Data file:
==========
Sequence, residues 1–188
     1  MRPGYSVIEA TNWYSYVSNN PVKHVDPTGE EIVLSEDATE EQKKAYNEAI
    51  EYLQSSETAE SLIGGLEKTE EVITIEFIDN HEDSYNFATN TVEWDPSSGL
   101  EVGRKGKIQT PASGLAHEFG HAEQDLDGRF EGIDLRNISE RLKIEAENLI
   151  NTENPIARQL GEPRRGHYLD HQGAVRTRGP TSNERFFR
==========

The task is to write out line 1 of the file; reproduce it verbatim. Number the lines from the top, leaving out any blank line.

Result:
Sequence, residues 1–188